Sunday, 30 September 2007

come on, comma

Following a very late autumn last year, it is good to report that this year we have had a little cooler weather and that the trees are beginning to 'turn'. Not much leaf fall yet, but horse chestnut leaves are curling and browning and silver birch leaves are yellowing.
Michaelmas daisies are a common flower of the September garden - loved by gardeners, flower cutters and wildlife too. Today, the blooms were buzzing with bees, hoverflies and (at last) butterflies. This has been a very poor year for garden butterfly spotting but today a stand of michalemas daisies in full sun attracted red admiral, speckled wood and comma.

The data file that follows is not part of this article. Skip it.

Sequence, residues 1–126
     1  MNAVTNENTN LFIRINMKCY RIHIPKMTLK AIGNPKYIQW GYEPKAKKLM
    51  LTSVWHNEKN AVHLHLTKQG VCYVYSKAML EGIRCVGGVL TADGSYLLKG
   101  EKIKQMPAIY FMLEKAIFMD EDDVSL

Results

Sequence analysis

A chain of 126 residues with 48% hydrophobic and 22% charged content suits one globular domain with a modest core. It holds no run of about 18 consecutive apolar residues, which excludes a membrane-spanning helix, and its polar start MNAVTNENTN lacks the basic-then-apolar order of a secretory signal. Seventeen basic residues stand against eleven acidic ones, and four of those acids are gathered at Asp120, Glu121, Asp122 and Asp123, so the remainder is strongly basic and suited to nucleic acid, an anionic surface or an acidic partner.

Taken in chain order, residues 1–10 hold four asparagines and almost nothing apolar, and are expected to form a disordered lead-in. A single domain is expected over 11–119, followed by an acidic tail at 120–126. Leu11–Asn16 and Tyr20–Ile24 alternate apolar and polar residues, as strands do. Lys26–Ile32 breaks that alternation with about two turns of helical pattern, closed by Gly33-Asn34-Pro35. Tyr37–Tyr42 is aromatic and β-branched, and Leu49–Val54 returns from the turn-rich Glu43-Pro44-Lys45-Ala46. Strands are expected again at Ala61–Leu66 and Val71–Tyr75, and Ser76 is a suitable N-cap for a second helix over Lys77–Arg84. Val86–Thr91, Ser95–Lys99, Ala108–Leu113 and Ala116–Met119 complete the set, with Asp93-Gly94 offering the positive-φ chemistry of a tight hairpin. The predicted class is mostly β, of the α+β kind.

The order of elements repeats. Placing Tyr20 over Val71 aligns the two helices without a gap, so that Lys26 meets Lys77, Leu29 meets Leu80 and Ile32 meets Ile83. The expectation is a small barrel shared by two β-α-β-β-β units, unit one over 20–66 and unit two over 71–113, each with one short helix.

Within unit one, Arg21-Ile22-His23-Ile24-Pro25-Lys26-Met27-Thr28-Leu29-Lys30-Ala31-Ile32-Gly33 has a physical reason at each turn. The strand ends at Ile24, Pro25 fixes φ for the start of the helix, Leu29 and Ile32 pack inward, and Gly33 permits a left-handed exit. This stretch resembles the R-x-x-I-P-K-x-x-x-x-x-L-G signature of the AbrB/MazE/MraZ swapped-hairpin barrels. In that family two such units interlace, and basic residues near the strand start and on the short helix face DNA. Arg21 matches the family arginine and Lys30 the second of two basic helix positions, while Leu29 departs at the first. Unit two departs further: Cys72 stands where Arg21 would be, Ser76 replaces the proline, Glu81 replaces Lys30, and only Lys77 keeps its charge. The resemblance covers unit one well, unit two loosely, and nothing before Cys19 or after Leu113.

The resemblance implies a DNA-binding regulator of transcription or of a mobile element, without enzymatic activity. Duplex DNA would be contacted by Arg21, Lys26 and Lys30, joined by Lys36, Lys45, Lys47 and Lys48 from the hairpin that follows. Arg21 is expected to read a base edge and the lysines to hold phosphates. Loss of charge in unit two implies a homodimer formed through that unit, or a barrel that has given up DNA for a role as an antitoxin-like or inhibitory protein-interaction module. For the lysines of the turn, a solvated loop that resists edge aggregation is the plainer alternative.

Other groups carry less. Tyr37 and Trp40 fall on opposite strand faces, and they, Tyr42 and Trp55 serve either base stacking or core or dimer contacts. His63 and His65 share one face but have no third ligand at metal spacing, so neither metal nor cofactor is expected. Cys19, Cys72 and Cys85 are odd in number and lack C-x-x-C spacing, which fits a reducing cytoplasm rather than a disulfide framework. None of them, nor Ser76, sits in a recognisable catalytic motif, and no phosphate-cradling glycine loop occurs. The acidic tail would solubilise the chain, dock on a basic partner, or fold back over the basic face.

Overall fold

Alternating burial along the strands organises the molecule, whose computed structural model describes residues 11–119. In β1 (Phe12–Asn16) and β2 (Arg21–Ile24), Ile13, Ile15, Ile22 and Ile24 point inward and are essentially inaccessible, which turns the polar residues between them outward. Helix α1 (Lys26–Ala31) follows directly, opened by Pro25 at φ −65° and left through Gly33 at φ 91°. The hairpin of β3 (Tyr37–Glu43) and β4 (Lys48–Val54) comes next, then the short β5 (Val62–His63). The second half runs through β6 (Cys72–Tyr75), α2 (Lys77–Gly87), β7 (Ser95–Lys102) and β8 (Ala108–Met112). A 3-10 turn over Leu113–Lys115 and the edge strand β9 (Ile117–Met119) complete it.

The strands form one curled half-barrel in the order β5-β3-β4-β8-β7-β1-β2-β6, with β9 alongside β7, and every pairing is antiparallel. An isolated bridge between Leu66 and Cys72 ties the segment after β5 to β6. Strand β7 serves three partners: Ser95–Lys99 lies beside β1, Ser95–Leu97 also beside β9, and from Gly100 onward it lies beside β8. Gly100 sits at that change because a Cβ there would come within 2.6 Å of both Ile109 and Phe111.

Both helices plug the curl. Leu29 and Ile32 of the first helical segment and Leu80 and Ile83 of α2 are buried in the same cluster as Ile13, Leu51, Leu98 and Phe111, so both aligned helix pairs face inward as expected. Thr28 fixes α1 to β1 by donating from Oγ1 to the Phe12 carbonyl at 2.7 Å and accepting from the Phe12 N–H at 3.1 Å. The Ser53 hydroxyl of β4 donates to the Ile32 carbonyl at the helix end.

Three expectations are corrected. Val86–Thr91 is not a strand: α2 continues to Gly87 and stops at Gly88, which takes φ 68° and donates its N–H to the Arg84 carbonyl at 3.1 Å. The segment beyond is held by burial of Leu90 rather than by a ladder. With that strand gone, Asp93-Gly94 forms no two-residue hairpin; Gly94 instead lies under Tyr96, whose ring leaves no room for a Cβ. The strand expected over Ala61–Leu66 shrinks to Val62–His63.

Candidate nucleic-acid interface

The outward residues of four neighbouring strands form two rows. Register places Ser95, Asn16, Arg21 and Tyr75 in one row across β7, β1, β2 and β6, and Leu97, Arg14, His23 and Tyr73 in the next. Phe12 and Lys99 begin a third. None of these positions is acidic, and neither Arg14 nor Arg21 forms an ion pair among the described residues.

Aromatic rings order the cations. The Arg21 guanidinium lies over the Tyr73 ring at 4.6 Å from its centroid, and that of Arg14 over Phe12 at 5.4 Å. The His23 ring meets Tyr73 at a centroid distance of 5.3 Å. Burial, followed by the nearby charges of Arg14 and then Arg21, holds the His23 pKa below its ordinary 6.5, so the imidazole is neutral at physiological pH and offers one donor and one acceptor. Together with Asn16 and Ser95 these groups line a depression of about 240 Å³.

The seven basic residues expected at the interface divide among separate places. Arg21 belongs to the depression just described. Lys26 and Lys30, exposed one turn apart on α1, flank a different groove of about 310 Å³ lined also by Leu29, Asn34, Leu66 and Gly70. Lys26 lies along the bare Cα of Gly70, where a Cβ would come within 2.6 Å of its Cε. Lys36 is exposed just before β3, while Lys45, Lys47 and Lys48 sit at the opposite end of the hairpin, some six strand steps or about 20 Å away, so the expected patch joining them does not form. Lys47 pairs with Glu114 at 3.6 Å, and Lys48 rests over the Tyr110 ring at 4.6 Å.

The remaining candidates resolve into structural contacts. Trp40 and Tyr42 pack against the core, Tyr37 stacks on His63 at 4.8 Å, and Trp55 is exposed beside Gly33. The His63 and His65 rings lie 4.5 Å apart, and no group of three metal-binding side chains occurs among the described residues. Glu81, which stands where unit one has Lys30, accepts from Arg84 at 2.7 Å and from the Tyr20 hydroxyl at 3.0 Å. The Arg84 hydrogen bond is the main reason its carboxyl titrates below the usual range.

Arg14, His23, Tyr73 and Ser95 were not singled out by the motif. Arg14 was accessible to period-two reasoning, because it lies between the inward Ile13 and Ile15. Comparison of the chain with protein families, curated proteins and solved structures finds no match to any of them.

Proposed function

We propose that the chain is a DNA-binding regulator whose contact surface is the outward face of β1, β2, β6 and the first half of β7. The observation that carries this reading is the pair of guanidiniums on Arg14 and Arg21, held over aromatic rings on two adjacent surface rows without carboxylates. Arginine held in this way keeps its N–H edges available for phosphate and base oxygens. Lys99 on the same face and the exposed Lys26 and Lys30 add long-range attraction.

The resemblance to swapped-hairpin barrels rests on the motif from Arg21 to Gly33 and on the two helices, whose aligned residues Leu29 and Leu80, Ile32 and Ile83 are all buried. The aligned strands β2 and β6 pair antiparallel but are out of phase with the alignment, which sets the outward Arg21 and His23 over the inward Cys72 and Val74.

The comma is unmistakeable. Its ragged wings are like curled leaves and perfect camouflage against hungry birds. Its wing shapes make it unlike any other British butterfly. The comma is an overwintering butterfly. The wildlife gardener can help butterflies in the autumn by providing a source of nectar (like the michaelmas daisies) and also by not being too tidy. Butterflies spend the winter in gaps and cavities. Create some in your garden!
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